According to the Department of Industry, industry registrations fell to 436 last fiscal year from 498, total committed investment dropped to Rs 282 billion from Rs350 billion the previous year and foreign direct investment pledges also nosevided to Rs24 billion from Rs56 billion during the same period.
The actual inflow of foreign direct investments into Nepal also decreased to Rs13 billion from Rs17.5 billion year-on-year in the financial year that ended in July, according to data from the Nepal Rastra Bank.
“Cost of doing business in Nepal is relatively high. So far, we have not been able to improve on this situation,” said Shekhar Golchha, senior vice-president of the Federation of Nepalese Chambers of Commerce and Industry, the apex private sector body.
Reduced foreign direct investments along with widening trade deficit resulted in a negative balance of payment of Rs67 billion last fiscal for the first time in 10 years, according to Nepal Rastra Bank. Likewise, the foreign exchange reserves had decreased by Rs64 billion and the trade deficit had widened by 13 percent to Rs1.32 trillion.
“Decrease in foreign exchange reserve and negative balance of payment means the economy has weakened overall,” said Hari Bhakta Sharma, former president of the Confederation of Nepalese Industries.
The central bank says the huge trade deficit is essentially responsible for both the deficit in the balance of payments as well as lower foreign exchange reserves. The current foreign exchange reserve is only sufficient to sustain imports of goods and services for 7.8 months.
Experts say what the country should immediately focus on is the manufacturing sector.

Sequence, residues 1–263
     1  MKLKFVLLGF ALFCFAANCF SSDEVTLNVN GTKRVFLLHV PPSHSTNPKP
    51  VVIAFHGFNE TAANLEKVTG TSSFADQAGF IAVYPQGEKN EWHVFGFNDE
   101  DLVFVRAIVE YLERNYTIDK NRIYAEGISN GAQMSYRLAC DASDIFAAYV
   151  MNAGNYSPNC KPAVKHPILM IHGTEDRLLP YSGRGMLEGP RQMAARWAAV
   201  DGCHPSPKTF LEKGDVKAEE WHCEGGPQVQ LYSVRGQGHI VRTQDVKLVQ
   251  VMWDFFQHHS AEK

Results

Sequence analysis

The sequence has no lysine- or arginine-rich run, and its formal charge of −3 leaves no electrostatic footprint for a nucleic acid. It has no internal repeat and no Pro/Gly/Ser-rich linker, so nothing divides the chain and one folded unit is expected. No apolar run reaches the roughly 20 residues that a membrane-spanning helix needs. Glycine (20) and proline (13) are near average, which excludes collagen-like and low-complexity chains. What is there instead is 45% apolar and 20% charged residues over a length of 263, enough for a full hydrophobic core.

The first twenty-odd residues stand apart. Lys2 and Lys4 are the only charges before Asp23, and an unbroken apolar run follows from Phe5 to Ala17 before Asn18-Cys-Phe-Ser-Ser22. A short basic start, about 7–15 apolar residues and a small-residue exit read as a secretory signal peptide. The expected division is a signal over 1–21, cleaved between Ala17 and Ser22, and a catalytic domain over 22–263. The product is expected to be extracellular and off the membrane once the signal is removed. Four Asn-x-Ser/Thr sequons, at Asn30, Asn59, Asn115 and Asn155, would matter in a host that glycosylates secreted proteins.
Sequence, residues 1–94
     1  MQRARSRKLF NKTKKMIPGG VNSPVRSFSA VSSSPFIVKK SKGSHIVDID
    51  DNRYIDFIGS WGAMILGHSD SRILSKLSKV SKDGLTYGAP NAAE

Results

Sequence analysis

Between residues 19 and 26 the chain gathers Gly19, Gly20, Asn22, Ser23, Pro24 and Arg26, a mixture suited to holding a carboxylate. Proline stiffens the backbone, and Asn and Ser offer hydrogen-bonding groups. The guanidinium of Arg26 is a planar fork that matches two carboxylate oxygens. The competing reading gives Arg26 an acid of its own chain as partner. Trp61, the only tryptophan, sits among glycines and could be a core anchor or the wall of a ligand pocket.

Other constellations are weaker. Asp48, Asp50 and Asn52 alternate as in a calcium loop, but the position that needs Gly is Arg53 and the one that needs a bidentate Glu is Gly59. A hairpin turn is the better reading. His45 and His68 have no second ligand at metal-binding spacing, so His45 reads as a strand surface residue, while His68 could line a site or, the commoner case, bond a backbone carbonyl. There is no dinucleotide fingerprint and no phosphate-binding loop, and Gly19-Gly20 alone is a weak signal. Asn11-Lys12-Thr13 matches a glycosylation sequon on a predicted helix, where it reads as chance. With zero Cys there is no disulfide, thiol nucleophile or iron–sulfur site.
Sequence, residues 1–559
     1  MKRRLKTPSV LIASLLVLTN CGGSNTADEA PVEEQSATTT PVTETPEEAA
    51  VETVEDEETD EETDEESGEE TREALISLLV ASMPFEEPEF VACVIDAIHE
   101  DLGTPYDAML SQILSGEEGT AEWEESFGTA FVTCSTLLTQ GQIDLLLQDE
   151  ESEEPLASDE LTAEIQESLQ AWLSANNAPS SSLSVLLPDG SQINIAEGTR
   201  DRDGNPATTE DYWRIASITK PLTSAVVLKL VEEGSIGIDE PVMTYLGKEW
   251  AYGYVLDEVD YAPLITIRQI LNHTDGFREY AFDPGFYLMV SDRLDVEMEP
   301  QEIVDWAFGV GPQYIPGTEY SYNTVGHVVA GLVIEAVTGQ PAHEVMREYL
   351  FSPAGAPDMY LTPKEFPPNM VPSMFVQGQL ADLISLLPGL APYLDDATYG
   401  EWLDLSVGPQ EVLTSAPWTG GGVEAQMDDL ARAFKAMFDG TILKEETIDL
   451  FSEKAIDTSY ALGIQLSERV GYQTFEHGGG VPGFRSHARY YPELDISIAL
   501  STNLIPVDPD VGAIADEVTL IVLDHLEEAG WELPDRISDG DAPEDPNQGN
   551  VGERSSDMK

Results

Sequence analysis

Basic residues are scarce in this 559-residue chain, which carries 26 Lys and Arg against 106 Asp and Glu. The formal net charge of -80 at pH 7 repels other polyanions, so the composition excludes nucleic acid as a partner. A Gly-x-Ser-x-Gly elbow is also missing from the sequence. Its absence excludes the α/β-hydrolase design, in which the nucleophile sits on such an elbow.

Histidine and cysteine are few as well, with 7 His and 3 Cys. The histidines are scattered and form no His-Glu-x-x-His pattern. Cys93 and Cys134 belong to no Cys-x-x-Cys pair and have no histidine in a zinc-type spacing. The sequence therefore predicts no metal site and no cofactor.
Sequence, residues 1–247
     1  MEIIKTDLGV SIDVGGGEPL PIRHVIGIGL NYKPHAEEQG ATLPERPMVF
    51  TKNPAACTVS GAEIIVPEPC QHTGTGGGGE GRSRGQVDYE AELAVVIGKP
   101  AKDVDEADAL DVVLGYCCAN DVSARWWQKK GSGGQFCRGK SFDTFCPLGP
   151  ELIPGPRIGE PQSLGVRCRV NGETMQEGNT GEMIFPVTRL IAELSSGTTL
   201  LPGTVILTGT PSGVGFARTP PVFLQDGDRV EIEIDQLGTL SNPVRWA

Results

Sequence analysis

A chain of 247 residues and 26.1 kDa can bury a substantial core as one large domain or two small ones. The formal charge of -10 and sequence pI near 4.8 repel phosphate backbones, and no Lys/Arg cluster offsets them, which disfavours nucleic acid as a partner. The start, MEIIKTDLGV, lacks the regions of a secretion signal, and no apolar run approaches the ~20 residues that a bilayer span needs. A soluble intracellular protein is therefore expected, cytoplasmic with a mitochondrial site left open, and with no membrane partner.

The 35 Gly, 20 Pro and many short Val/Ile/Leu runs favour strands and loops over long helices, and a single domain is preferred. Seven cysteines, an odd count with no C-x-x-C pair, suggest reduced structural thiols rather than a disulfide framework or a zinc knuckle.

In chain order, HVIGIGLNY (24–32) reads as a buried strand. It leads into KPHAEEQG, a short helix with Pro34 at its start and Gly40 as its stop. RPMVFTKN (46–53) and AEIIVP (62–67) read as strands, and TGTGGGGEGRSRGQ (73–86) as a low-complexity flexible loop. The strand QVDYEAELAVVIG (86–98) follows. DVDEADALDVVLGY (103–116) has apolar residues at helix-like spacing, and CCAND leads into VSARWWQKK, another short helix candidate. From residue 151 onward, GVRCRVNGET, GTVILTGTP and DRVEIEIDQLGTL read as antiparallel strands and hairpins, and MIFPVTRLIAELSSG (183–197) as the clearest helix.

“Our manufacturing sector faces competition from manufacturing powerhouses like China and India,” said Sharma, the former vice-chair at the planning commission. “In order to make our manufacturing viable, we have to link our manufacturing industry to the value chain of India.”
Even though the government announced in its budget for this fiscal that seven industrial estates will be developed in the seven provinces, there has been no progress so far.
Industrialist Binod Chaudhary, who is also a lawmaker, hit out at the government last week for failing to operationalise even one industrial estate. Speaking in Parliament, Chaudhary also criticised the government for failing to offer adequate incentives to enterprises to move to the Special Economic Zone in Bhairahawa and the Garment Processing Zone in Simara.
Analysts say unless the government adopts a holistic approach—from introducing policy reforms to reducing the red tape, promoting the private sector and improving ease of doing business—the country will struggle to achieve the growth target.
After all, everything boils down to governance, said Rameshore Khanal, a former finance secretary.
“Large investors exiting the country could give a negative message about Nepal’s investment climate, as such disappointed investors share their experiences in the international forums,” Khanal told the Post. “It is also vital for Nepal to at least ensure that Chinese and Indian firms don’t run away from Nepal as they have been the largest investors in the country.”